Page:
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Epilepsia. 1998;39 Suppl 7:S27-32.

Quantifying the costs of serious adverse drug reactions to antiepileptic drugs.

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Department of Medicine, Sunnybrook Health Science Centre, University of Toronto, Ontario, Canada.



We assessed from an institutional perspective the direct costs of severe adverse cutaneous or hypersensitivity reactions due to antiepileptic drug (AED) therapy that led to hospitalization or prolonged hospital stay.


Patients admitted for or developing severe AED-induced cutaneous or hypersensitivity reactions while in hospital from January 1990 through June 1996 were identified by ICD-9 codes E936, E937, E693, E695.1, E995.1, and E995.2. Identified cases were analyzed retrospectively by chart review and were included in the analysis if a causal relationship was determined to be possible, probable, or definite. Clinical outcomes were abstracted and related direct costs of the adverse drug reactions (ADRs) calculated.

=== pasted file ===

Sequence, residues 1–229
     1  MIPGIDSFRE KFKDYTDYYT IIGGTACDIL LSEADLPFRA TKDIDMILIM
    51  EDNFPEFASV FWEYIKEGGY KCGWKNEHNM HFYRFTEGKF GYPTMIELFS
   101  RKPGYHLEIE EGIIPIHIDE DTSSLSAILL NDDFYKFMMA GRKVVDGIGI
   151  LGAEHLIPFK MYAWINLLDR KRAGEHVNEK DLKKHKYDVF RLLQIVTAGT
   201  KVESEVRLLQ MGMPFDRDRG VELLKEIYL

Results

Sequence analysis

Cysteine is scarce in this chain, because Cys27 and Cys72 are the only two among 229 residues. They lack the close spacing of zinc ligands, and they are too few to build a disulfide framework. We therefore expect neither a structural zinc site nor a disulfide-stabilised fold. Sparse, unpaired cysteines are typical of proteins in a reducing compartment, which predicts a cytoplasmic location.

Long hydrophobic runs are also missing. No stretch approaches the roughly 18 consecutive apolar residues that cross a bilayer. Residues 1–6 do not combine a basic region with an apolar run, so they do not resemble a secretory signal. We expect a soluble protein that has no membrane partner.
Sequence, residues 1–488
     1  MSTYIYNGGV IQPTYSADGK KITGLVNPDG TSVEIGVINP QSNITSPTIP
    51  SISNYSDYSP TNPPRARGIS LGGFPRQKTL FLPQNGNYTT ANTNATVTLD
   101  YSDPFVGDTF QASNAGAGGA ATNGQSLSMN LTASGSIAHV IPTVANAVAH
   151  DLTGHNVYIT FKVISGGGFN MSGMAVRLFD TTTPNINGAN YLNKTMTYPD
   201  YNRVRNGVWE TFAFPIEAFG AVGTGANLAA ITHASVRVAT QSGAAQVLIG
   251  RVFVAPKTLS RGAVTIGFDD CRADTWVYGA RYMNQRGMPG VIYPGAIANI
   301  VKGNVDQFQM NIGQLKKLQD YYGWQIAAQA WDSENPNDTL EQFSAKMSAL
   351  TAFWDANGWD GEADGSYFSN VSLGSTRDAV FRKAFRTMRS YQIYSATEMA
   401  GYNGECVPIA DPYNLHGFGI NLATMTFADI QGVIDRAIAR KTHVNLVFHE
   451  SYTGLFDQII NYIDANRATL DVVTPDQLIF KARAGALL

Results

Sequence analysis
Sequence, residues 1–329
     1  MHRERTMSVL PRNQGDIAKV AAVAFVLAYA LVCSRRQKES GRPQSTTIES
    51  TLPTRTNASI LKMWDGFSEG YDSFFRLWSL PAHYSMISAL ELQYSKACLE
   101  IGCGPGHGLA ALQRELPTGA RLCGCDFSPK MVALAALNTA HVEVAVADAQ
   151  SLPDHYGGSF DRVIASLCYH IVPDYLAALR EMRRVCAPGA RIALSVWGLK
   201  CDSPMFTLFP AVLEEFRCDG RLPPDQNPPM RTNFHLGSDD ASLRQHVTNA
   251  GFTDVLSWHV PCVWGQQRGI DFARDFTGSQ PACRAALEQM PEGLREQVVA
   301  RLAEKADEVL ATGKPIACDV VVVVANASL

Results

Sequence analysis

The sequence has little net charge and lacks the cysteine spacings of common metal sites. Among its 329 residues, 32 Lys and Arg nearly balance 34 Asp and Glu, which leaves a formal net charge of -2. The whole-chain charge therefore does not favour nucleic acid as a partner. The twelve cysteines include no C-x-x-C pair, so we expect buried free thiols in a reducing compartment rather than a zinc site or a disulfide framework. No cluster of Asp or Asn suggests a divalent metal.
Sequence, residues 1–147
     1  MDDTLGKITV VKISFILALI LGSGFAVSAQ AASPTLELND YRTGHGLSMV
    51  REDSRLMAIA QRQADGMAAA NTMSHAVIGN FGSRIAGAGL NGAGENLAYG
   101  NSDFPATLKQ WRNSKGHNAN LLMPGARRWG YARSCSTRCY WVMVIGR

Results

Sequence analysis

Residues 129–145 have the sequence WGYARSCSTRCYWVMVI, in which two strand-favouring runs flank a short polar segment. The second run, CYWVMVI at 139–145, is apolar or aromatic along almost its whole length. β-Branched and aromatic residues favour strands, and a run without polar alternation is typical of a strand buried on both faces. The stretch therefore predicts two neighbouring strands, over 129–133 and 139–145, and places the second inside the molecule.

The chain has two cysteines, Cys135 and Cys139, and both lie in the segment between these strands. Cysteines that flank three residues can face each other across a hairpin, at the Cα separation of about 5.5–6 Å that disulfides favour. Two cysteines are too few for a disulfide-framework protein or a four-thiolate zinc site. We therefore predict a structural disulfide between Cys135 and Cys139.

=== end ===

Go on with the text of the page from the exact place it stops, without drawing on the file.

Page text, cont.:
A total of 384 cases were identified by ICD-9 codes, of which 13 cases (mean age +/- SD 52.9+/-21.0 years) were included for further analysis. Eight patients (62%) were admitted because of an ADR (median length of stay 9.5 days; range 4-43), five (38%) experienced an ADR during hospitalization (median duration of ADR episodes 8.5 days; range: 7-21 days). The median direct medical costs of the ADRs were Canadian (CDN) $3,128 (range 1,149-21,293) per patient.


The management of serious cutaneous and hypersensitivity ADRs due to AEDs is associated with considerable direct medical costs. These figures should be considered along with drug acquisition costs and treatment of clinical successes and failures in the overall assessment of the economic impact of pharmacotherapy. Prospective collection of direct costs associated with ADRs in clinical trials would be of value.

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